The Stow Away

Written By: Jean  Benacchio

The Stow Away


By Jean Benacchio

It was a clear sunny day with a crisp chill in the air reminding us that the autumn leaves were about to fall this September of 2000. I was a Stewardess, Cook & Navigator on an 86-foot Hatteras named the “Subconscious”. We had just finished a long hot summer season cruising the Northeast entertaining corporate employees and their families for Subway World Headquarters.


When the Labor Day Holiday arrived, we were elated to be able to start our trip home to Florida. But first, there was one more final good-bye party. By late afternoon, our guests took their last photo opts of the Manhattan skyline with the iconic Twin Towers in the background. We just went under the 59th Street Bridge, when the boat lost acceleration. The Captain turned to me.

“Take the wheel”, he abruptly instructed, “Something’s going on with the Port Engine.”


I struggled to maintain steering as we entered “Hell’s Gate”. It’s a 3-foot elevation change in the waterway where the East River meets the Harlem River creating dangerous eddies and whirlpools as the current runs through this area. With less power, the ship’s stabilizers were ineffective. The 86-foot yacht started to rock abruptly. The party atmosphere suddenly stopped in silence.


The pilothouse door swung open, “Shut down the Port engine!” the captain yelled.


With two strokes of my palm, I shut the Port engine and powered the Starboard engine at full throttle, till the boat struggled clear of the river’s currents.

Turning to the captain, I was stunned to see his face covered with soot.

“What happened down there?” I questioned. “Is it a fire?”


“This isn’t good,” he responded with a blackened face.  “We blew a rod! Oil sprayed all over the engine room from a cracked turbo. We’re not going to see Florida anytime soon.”


The rest of the ride was quiet. We notified the guests of our slow trip back to port. Our ETA would take an additional two hours before arriving in Stanford.


After our guests disembarked, the ship hobbled its way through Long Island Sound to a shipyard in Norank Connecticut where we remained there for one more month rebuilding the engine.


It was an October foggy morning when we started our way

back to Florida but decided to head east and stop first at “Star Island Marina.” Mechanically the engine wasn’t sounding right and we noticed a major crack in the salon window.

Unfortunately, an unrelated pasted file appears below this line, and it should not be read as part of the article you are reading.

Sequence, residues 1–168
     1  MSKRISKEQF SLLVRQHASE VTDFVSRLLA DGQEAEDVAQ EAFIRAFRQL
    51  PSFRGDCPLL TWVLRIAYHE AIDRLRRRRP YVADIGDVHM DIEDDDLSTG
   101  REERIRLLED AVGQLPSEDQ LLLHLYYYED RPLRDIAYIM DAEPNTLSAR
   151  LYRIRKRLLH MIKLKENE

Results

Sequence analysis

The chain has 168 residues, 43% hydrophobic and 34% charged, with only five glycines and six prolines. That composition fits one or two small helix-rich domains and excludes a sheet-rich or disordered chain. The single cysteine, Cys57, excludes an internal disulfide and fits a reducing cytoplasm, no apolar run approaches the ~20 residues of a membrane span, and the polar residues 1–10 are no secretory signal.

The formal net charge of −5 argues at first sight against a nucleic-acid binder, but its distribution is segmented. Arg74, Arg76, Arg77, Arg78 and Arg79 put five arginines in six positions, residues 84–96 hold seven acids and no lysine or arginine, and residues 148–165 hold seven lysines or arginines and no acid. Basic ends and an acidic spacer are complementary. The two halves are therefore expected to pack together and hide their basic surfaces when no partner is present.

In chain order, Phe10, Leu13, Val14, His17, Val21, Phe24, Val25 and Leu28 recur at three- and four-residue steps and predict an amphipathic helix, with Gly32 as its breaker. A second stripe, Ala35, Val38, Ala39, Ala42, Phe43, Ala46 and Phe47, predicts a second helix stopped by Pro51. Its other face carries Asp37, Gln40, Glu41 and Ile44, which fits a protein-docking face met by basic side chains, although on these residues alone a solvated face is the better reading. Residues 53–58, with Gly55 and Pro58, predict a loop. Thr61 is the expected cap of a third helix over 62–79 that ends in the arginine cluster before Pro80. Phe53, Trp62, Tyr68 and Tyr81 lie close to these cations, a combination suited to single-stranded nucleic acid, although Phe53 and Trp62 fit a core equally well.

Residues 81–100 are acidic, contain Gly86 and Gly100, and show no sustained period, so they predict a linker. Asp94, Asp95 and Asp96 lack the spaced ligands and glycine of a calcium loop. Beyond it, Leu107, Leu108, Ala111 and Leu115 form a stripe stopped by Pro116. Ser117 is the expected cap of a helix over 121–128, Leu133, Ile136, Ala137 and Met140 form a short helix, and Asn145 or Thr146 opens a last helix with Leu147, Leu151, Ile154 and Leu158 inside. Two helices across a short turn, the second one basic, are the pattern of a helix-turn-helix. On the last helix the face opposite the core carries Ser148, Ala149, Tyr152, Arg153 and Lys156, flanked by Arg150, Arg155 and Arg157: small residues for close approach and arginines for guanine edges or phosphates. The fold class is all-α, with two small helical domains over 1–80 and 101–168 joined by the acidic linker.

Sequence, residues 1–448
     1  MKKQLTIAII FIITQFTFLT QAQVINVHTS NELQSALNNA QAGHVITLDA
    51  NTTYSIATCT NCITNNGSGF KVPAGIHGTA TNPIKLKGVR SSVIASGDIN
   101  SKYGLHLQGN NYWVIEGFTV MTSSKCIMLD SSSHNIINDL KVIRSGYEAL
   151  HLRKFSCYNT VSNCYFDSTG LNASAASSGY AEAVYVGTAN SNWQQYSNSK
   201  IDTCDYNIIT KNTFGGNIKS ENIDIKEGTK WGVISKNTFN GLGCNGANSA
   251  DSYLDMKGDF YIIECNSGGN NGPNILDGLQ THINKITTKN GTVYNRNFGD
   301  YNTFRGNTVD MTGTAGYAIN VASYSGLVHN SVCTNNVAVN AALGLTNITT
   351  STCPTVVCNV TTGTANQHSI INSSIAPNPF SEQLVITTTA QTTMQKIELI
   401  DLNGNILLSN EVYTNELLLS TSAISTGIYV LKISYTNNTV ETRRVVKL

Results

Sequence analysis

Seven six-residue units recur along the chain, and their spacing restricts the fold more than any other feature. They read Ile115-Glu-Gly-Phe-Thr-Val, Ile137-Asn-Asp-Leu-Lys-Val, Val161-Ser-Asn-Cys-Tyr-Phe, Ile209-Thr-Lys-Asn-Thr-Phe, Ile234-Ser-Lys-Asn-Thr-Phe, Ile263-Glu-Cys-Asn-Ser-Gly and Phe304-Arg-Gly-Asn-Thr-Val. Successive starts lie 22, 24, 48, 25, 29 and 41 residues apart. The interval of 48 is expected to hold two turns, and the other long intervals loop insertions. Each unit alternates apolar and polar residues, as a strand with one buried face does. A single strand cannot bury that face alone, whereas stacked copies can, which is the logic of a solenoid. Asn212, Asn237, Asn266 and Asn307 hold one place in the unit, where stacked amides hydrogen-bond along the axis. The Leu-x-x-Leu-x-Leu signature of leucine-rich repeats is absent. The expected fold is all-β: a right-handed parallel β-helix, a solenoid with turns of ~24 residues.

It was 7:30 in the morning when I was jolted out of bed. I threw on my cozy white bathrobe with Hilton inscribed on the lapel and staggered down the hall way and up the stairwell to the pilothouse where the gangway met the dock;


Looking through the pilothouse glass door window I could see a familiar face with white hair. His steely light gray eyes circled in red, looked like he wanted to be there… just as much as I did. It was the contractor from Norank Connecticut.


Sliding back the glass door, my greeting was as enthusiastic as his appearance.


“Hi Mel. Wow I didn’t expect you to get here so quickly.

“I got on the first ferry from Port Jefferson. Whatever is going on in the port engine needs to be adjusted.


“Is the Coffee on?”


“I’m on it, Mel, Have a seat”.


“My men should be here shortly. They’re picking up a pane of glass for the salon. I’ll be checking the port engine while the guys put in the window.” He explained.


Mel followed me to the galley, plopping himself into settee booth in front of the galley.

“Where’s Rip?” Mel asked.


“He’s out speaking with the Dock Master about our length of stay.”


“Hey Mel, move your butt up a minute, I have to get another can of coffee under the bench.”


He slid over to another cushion. As I picked up the seat to retrieve a can of coffee in the stow compartment.  I moved a box of Cheerios to reach for the can. Surprised, I watched as the bottom of the cereal box fell out splashing all the cereal over the bottom of the storage area.